Archive for November 29, 2021

Monday, November 29, 2021 [Tweets] [Favorites]

Snowflake Weather 1.3 for iOS

Bjango:

Snowflake is an incredibly detailed weather app, covering almost everything you could possibly want to know about current conditions and forecasts.

I’m not sure why I haven’t heard much about this app, but I was glad to discover it recently. As expected from the developer of iStat Menus, the interface is thoughtfully designed and very customizable. It’s vaguely Weather Line–inspired. Like Weather Strip, it shows both the daily and extended hourly forecast on the same screen. But it also mixes in textual descriptions and lets you easily see the total precipitation for each day. And it’s easy to switch locations by long-pressing on the home icon. $4.99 for the basic version ($0.99 Black Friday deal), plus $4.99/year to get more weather providers, longer forecasts, maps, etc.

Previously:

Mac Upgrade Program

Sami Fathi:

In association with CIT as the financing partner, Apple has launched a new Mac Upgrade Program for small businesses and Apple business partners that allow companies to easily distribute and upgrade their fleets of MacBooks at an affordable price to all of their workers.

[…]

The new 14-inch and 16-inch MacBook Pros are offered at $60 and $75 per month, respectively, while the 13-inch MacBook Pro and MacBook Air are offered at $30 and $39 monthly payments.

It seemed inevitable that Apple would offer Macs as a subscription service. Unlike the iPhone Upgrade Program, this is so far only for businesses.

Chance Miller:

As mentioned earlier, business customers can return or swap their Macs after three months. If you’re in a situation where you routinely upgrade your Mac every new release, this model might make a lot of sense from an accounting perspective. Depending on how you depreciate your laptops, simple financing options might help you write it off each month while getting a new upgrade whenever Apple releases new models. If you’d been using a 13″ MacBook Air with M1 for the last year, you’d have an easy path to upgrade to a 14″ or 16″ model without dealing with trade-ins or selling online.

CIT’s fine print says that the financing is 3% of the total cost, so as you add upgrades to your Mac, the monthly cost would change slightly.

Including the financing, you “pay” for a $999 MacBook Air in just under 3 years. Without the upgrade program, after 3 years you would still have the original MacBook but could trade it in to get a new one or keep using it without making additional payments. With the upgrade program, you may have gotten multiple “free” upgrades in that time, but it’s not clear to me whether you can keep or resell the computer if you stop paying the monthly fee.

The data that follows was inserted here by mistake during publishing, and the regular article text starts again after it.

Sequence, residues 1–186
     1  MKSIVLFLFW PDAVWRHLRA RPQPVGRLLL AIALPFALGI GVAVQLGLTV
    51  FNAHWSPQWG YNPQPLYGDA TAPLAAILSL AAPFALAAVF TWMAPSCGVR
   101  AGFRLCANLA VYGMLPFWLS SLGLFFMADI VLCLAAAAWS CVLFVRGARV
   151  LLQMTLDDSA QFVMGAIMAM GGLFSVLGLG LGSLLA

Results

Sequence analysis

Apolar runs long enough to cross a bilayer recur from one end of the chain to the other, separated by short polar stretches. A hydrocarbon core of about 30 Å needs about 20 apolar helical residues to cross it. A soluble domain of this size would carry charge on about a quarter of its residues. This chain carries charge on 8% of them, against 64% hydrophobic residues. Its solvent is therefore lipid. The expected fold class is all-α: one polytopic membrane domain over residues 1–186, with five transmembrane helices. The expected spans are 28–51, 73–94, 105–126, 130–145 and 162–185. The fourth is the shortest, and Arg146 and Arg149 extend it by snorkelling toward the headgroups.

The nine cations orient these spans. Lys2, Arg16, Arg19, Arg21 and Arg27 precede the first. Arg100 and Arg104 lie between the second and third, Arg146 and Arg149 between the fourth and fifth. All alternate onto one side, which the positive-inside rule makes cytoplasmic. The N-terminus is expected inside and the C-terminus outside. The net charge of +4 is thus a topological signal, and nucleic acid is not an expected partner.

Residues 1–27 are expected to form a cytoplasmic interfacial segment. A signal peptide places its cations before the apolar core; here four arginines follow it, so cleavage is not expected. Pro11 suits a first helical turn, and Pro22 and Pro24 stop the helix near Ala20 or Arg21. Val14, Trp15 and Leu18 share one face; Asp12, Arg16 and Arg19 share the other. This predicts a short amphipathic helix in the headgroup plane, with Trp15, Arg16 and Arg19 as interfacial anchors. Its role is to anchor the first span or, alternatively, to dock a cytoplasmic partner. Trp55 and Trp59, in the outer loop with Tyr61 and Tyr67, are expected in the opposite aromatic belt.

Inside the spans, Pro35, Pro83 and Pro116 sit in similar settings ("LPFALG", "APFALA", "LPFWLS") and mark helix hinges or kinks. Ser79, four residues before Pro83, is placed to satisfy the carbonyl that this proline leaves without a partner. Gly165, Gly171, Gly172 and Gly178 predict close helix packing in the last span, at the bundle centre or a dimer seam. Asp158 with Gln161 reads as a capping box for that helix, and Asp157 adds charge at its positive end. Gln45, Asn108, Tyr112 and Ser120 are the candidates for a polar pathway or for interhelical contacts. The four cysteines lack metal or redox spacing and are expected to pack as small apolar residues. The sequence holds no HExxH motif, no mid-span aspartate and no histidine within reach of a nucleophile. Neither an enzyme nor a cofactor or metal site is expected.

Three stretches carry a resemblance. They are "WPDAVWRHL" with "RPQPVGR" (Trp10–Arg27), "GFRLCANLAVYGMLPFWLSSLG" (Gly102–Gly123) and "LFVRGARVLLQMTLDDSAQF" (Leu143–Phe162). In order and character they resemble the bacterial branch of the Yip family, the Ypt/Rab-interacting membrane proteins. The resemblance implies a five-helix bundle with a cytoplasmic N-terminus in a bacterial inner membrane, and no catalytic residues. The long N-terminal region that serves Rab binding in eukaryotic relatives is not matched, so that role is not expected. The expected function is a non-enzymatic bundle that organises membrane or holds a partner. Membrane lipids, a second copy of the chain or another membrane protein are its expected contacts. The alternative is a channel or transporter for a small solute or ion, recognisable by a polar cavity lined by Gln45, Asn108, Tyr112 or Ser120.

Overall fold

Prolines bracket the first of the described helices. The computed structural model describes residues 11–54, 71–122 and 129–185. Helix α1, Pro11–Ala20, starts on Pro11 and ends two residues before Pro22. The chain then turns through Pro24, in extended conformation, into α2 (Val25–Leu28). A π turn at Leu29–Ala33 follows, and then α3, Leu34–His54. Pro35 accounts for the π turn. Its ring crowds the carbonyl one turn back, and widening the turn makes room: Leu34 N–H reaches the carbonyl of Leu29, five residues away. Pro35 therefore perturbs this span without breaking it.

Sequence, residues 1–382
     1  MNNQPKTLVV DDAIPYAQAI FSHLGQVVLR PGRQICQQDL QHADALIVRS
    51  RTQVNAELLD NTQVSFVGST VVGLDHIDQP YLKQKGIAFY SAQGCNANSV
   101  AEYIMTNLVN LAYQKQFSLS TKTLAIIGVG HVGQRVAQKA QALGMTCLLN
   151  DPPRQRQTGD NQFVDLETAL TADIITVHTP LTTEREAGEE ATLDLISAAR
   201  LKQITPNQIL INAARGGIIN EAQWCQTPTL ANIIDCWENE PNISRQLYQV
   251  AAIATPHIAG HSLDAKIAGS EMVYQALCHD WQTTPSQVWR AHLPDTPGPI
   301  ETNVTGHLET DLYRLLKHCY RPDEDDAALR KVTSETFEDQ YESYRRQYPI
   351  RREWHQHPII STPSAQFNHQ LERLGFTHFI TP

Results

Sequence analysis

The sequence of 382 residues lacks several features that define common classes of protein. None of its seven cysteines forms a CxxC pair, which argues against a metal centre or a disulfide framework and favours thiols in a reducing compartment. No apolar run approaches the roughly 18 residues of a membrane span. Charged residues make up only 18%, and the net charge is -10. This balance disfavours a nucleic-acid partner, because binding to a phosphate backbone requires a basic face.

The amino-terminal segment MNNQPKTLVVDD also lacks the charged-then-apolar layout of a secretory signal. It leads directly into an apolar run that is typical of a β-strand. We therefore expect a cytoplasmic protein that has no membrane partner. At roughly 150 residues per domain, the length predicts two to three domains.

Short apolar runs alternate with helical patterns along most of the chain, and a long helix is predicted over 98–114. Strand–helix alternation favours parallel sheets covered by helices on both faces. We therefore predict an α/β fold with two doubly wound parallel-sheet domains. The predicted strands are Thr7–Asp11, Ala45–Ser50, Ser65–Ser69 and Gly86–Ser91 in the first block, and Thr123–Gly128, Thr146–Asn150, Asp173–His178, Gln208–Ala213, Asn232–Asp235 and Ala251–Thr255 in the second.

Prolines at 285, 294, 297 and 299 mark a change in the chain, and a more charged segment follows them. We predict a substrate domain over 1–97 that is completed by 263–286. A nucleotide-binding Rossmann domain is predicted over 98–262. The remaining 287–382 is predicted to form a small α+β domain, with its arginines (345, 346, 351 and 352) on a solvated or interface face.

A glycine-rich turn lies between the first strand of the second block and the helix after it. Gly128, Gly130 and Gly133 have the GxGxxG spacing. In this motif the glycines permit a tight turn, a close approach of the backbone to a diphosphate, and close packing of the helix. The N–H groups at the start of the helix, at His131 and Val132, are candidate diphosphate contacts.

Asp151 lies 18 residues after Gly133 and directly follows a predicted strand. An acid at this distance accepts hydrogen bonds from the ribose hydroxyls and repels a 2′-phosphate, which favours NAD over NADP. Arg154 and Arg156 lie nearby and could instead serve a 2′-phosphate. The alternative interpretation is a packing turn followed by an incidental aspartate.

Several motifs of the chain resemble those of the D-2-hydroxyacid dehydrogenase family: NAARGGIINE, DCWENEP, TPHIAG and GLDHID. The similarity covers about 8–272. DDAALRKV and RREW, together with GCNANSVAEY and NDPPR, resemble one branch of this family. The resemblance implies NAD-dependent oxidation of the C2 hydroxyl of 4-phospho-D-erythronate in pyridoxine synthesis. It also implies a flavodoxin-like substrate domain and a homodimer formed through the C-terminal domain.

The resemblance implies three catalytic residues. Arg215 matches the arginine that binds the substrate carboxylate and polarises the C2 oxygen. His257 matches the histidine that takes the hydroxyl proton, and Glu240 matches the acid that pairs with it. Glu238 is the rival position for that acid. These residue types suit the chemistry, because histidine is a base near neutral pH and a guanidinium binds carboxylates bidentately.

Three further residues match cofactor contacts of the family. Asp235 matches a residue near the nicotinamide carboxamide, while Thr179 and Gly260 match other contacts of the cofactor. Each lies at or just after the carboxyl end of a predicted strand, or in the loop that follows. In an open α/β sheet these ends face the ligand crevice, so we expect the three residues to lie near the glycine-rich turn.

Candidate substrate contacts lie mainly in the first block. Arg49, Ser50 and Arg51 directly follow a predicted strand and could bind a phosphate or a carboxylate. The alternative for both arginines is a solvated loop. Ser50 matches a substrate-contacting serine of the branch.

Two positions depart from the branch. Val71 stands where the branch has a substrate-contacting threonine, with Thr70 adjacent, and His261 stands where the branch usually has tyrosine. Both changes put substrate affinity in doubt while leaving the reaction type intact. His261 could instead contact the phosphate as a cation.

Previously:

Tech Giants

Ben Lovejoy:

The breaking up of a bunch of old-school industrial conglomerates is leading some to question the very long-term prospects of the “new conglomerates” – tech giants like Apple, Amazon, Facebook, and Google.

But a piece in the WSJ argues that they have two advantages over companies like General Electric, which could see them last even longer …

[…]

The dismantling of General Electric, Toshiba, Johnson & Johnson, Siemens, DowDuPont, United Technologies and other sprawling business empires in recent years has been heralded as the end of the conglomerate and the demise of the idea that brilliant management teams can succeed operating in very different industries. But just as those giants of traditional industry are being dismembered, today’s tech giants have arisen as latter-day conglomerates—what some even call “neo-conglomerates.” They boast valuations bigger than any other companies in history, and have diversified their businesses through acquisitions and new starts just like conglomerates of old[…]

Who can say when technology changes so quickly, but the new giants arguably have more lock-in and are quasi monopolies/duolopies.

Romeen Sheth:

Check out the difference between the world’s largest companies in 2005 and 2021.

Update (2022-01-05): Hacker News:

Which FAANG is the most likely to decline in the years ahead?

The overwhelming choice is Facebook, followed by Netflix.

Mac/iOS Safari Extension: Vinegar

Zhenyi Tan (via John Gruber):

YouTube5 was a Safari extension back when Flash was still a thing and hated by everyone. It replaced the YouTube player (written in Flash) with an HTML <video> tag.

And now the YouTube player situation has gotten bad enough that we need another extension to fix it. That’s where Vinegar comes in. Vinegar also replaces the YouTube player (written in who-knows-what) with a minimal HTML <video> tag.

$1.99 for a universal purchase.

Previously: